Anemia during pregnancy is a problem that can be avoided along with its risks to the pregnant woman and the fetus. The causes and types of this anemia include:
1- Expansion (increase) of the blood plasma during pregnancy, which would disrupt the balance between the blood plasma and the quantity of red blood cells.
2- Iron deficiency.
3- Folic acid anemia.
4- Sickle cell anemia.
5- Thalassemia or Mediterranean anemia.
However, iron deficiency anemia represents 90% of cases of anemia during pregnancy, but if the woman starts before and during Pregnancy to eat foods that contain iron or if she took iron supplement in any form we will be able to control 90% of cases of anemia during pregnancy.
The amount of iron needed by the fetus for growth and development may exceed the amount of iron reservoirs in the mother body because of the pre-pregnancy loss of iron with the blood of the menstrual cycle, or because of malnutrition.
What are the effects of iron deficiency on the fetus?
The lack of iron means lack of hemoglobin, and the lack of hemoglobin leads to a decrease in fetal oxygen supply which needed for biological processes during growth, which may reduce the growth of the fetus.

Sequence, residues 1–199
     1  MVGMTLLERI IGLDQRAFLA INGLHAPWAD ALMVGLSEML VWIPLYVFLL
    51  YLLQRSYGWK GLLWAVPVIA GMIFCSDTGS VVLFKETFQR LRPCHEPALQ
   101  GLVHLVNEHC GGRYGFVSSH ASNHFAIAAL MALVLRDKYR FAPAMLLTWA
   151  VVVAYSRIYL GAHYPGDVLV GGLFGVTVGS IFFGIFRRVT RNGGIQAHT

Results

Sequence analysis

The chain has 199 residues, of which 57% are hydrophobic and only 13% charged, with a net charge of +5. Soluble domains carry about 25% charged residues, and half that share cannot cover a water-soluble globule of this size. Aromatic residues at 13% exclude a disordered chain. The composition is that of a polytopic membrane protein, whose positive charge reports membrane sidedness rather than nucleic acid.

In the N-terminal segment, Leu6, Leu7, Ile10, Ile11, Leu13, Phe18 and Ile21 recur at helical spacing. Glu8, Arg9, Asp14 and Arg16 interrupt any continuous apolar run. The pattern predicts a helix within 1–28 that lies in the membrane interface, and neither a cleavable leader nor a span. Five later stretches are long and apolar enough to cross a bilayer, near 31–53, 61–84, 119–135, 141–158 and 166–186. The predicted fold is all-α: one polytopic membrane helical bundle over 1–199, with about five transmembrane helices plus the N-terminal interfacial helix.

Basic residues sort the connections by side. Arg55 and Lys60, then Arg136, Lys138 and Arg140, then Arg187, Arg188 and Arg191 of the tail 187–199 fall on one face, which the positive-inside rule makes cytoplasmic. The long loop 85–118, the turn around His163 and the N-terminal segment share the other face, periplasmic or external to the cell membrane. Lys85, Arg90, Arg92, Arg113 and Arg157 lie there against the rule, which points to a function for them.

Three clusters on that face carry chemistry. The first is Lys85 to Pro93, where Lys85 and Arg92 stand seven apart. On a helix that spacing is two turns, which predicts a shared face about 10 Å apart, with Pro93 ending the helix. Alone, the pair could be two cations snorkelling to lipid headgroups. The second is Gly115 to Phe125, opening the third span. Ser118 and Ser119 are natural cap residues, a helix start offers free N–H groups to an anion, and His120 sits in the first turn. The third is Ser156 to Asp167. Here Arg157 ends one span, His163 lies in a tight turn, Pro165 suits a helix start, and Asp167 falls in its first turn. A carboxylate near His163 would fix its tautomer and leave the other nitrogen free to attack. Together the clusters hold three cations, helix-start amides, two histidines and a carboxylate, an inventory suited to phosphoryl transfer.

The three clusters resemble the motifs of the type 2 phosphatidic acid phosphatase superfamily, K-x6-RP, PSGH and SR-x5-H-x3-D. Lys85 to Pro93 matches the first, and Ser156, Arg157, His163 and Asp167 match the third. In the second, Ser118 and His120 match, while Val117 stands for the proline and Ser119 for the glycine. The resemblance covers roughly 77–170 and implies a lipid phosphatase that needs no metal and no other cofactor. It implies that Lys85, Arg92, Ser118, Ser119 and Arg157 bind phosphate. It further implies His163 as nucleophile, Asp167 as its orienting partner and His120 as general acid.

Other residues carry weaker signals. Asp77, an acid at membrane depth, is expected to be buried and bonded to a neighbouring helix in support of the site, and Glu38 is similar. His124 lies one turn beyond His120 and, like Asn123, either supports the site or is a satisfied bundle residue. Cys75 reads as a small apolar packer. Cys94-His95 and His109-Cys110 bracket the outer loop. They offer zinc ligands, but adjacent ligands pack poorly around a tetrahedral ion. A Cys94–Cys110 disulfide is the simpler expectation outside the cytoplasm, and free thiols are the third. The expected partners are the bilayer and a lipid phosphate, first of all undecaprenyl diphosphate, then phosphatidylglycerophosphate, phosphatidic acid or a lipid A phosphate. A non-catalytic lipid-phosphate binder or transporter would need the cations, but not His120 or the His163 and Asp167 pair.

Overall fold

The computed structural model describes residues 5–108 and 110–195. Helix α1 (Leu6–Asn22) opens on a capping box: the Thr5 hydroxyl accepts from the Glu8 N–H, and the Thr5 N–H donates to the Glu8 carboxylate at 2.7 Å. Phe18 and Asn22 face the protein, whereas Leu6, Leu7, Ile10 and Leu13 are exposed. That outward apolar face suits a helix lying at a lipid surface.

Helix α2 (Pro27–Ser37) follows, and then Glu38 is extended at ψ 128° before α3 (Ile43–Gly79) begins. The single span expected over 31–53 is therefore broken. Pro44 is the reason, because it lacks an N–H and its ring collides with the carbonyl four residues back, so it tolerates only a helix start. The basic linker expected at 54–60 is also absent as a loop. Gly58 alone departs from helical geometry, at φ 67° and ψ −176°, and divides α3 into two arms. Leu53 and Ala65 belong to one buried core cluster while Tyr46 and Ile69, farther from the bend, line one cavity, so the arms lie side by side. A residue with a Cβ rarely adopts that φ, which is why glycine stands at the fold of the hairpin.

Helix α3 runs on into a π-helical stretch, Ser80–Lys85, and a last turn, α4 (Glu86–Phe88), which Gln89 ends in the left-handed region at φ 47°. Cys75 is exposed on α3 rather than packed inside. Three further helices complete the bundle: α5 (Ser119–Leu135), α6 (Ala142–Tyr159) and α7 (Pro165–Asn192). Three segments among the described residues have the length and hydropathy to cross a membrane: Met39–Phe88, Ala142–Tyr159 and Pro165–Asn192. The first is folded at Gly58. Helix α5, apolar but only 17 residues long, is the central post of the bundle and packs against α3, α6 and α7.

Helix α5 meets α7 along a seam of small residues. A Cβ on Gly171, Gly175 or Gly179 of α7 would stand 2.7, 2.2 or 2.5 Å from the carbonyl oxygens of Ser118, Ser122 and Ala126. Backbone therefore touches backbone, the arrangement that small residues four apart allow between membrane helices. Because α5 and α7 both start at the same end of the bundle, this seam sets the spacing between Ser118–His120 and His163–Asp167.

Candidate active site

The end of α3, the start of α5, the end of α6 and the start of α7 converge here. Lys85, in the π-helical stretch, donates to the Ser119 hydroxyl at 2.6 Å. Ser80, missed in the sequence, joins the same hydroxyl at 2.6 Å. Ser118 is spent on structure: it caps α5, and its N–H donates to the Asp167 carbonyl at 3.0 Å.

Symptoms of iron deficiency anemia:
These symptoms include fatigue, pallor, shortness of breath, headache, weak immunity against the bacteria, inability to concentrate, craving (which is the desire to eat unusual things such as paper, clay, snow or coal).
Foods that contain iron:
These foods include red meat, liver, fish, birds, crustaceans, tuna, eggs, beans, dried fruits, salmon and dark green leafy vegetables.
Absorption of iron from foods:
Foods of animal-origin are the best sources of iron because it is easy to absorb iron from them. On the other hand, it is hard for the body to absorb iron from the foods of plant origin, and what is worse is to take dark colored tea with plant foods because it interferes with iron absorption. The combination of animal foods that contain iron and plant foods that contain iron will lead to increased absorption of iron from plant foods as well the absorbed iron from animal foods. To increase the absorption of iron it is advisable to take more of vitamin C by eating foods that contain vitamin C or taking this vitamin in form of tablets.
The required daily intake of iron:
The female needs 15 mg per day, and the male needs about ten mg per day from his childhood to old age, unless there was a disease leading to iron deficiency, such as loss of blood from the digestive system due to ulcers. The female may need more iron if she is having a heavy menstrual period. However, they do not need more than ten mg per day of iron after menopause. The pregnant woman needs to have 30 mg per day (for her and the baby).
Folic acid deficiency:
Folic acid is one of the important supplements that must be taken before pregnancy for its benefits for the blood, and its role in reducing birth defects. The estimated daily dose of folic acid is 400 micrograms, and the pregnant woman should continue to take it throughout her pregnancy.
The genetic type of anemia, such as sickle cell anemia or thalassemia is different from folic acid or iron deficiency. Pregnant woman who is suffering from genetic anemia needs a different and critical clinical care.